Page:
Interview with Miriam Schwab from Strattic

Miriam is an active WordPress community member from Israel and also the CEO and Founder of Strattic. We sat down with her at WordCamp Europe and talked about the future of static websites and the future of Strattic.

Hi everyone! We’re here today at WordCamp. And we’re with Miriam, an active WordPress community member from Israel and also the CEO and founder of Strattic. Could you tell us a little bit more about yourself?

I founded Strattic a few years ago – static publishing for WordPress. But before that, I managed a WordPress development agency in Israel for like twelve years. And built it up to be one leading ones in Israel and became increasingly active in the WordPress community me I organized five work camps in Israel. So that was fun. And, yeah, That’s me and WordPress.

And how did it all start, your relationship with WordPress?

I realized I wanted to be like an independent contractor, not an employee. And so I thought I’ll just provide content services like writing. And then I was like “but that goes with websites, let me explore that”. And I started to teach myself to build websites. And then I thought “well, I need a content management system because I don’t want to have to edit everyone else’s content for them”, right? So anyway, I started testing out CMS’s and I really fell in love with WordPress. And that was before it was seen as a real website content management system. Then it was just seen as a blogging platform. But then version 3 came out and people started to look for it including companies and so I got in early and they started to come to me and I’ve worked with great companies over the years.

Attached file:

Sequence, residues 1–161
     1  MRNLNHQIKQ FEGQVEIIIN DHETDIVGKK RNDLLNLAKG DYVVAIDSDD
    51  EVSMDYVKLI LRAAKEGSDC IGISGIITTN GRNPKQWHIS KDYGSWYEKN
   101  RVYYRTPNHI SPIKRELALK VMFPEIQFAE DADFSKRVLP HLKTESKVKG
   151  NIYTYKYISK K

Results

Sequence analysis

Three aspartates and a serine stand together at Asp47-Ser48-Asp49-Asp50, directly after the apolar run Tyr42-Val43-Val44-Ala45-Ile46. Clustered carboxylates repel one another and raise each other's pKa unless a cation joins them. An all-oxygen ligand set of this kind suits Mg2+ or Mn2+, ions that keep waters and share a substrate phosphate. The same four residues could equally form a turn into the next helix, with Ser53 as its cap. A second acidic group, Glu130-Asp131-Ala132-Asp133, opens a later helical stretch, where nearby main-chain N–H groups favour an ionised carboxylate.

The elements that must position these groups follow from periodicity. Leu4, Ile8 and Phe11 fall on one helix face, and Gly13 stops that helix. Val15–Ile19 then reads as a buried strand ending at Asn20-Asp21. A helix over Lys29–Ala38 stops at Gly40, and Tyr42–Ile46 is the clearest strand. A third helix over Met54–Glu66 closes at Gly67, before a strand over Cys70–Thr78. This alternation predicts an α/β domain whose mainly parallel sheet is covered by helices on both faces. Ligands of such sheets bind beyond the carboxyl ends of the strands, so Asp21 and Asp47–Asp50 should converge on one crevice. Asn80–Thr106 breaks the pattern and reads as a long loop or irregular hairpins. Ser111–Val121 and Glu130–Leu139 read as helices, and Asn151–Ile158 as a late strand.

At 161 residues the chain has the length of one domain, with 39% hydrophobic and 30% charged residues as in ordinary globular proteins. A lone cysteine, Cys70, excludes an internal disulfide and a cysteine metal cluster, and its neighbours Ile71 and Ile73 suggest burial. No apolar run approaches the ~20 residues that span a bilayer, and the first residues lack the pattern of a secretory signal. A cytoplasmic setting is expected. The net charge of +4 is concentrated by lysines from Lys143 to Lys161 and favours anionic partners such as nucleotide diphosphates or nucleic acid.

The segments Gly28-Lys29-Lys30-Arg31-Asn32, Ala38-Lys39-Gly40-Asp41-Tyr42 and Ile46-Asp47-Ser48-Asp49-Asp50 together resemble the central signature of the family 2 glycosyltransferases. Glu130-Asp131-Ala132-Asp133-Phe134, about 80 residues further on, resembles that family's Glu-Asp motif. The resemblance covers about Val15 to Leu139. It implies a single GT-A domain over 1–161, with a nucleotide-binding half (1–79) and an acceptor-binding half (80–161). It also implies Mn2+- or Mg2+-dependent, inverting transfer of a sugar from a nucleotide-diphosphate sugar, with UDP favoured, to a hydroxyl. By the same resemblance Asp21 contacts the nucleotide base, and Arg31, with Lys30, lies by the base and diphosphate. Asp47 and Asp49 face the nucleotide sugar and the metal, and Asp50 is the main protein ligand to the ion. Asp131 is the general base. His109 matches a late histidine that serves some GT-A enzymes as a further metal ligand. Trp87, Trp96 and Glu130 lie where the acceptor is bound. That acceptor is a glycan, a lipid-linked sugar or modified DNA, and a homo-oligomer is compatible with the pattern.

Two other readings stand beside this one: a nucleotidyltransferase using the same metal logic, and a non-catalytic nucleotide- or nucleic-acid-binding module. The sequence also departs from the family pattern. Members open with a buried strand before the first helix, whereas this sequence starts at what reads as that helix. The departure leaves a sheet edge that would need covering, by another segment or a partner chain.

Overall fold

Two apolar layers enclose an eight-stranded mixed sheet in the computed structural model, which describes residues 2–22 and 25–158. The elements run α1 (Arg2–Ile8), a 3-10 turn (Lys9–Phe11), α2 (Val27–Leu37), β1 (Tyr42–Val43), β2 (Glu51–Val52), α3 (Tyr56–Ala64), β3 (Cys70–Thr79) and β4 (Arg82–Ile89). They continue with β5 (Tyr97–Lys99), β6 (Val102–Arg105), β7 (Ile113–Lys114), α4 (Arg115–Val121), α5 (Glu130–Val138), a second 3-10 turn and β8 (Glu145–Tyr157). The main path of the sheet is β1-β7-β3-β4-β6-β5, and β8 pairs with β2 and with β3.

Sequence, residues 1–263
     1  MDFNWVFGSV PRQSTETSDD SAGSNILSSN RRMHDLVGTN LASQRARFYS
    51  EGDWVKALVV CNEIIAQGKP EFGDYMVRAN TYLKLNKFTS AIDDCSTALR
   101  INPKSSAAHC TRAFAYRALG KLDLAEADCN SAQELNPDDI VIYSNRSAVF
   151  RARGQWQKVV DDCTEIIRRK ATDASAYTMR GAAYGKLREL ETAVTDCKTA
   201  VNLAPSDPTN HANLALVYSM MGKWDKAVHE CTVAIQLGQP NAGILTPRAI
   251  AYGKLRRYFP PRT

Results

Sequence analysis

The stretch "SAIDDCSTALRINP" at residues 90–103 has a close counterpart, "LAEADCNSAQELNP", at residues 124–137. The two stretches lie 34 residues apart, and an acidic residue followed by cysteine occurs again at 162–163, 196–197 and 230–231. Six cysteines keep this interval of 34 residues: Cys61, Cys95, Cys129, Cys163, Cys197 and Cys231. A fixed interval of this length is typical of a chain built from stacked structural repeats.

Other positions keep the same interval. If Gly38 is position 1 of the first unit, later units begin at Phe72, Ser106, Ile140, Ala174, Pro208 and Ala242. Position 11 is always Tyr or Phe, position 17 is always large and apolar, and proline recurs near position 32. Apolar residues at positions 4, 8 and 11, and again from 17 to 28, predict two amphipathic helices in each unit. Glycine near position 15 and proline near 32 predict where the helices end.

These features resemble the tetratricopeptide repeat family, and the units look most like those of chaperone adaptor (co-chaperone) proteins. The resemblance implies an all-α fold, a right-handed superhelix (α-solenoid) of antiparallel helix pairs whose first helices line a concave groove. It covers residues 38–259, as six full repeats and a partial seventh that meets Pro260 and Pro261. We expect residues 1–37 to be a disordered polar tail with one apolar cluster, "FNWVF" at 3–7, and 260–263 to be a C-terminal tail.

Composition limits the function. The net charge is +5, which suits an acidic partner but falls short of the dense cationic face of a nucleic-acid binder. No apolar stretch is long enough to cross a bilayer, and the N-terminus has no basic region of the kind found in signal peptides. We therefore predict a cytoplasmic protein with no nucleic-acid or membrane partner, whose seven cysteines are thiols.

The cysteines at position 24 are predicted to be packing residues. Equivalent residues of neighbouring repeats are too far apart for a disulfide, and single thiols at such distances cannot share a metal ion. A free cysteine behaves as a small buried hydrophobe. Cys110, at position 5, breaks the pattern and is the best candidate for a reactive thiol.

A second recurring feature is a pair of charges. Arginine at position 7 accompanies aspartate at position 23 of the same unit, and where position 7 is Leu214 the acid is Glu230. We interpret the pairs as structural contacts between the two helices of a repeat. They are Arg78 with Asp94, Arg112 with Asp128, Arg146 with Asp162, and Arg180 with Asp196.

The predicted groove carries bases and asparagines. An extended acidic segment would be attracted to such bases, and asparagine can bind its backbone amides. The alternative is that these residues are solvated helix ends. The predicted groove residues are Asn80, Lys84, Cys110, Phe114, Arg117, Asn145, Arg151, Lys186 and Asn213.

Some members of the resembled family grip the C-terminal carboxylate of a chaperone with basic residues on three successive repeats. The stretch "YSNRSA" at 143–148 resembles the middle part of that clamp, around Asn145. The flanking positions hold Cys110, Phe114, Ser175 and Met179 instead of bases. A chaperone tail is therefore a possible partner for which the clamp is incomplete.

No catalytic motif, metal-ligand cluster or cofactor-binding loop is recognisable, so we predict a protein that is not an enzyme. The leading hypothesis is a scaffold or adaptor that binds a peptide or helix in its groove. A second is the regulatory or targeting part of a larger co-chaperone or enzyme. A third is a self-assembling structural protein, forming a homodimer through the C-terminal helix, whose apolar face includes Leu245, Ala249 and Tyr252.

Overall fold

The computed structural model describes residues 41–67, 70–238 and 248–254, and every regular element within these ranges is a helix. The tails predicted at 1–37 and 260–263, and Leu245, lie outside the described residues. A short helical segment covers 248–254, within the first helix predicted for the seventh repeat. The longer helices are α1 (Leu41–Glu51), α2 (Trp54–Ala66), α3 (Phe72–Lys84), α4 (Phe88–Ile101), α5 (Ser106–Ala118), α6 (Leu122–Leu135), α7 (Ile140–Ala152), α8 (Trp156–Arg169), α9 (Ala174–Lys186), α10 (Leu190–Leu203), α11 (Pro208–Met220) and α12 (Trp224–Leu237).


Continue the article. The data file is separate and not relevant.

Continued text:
If we look at WordPress and Israel, it seems like there are a lot of successful companies there. So what do you think is the secret there. Is something in the air?

I know, it’s funny. When I started out with WordPress it was a very small community in Israel. Most of the people there were doing it for personal reasons. And then through years more and more people started setting up these companies. So you’ve got Elementor obviously. Just doing amazingly well. WPML is not an Israeli company but one of the founders is Israeli. And yeah, Freemius. Vova is based in Israel. Yes, people are doing really well there. I don’t know why. Maybe it’s the hummus and the falafel.

Of course, if we’re talking about successful companies, one of them is Strattic. So would you tell us a little bit more? What do you do? What’s the company, how did that all start?

I mentioned that I was in the agency right. And we provided maintenance service for our clients to keep their sites secure and updated, backed up, fast. And over the years it became harder and harder to do that. It just became frustrating. Not just for us as an agency but for the industry in general. If you look at forums, everyone’s talking about security and performance. You know “oh my site was hacked, Oh my site is slow”.

So I started exploring this world of static site generators. And I love that concept where the output of the site is all pre-rendered and there’s no underlying processing server, no database query. So it’s the fastest it can be and you can’t hack it.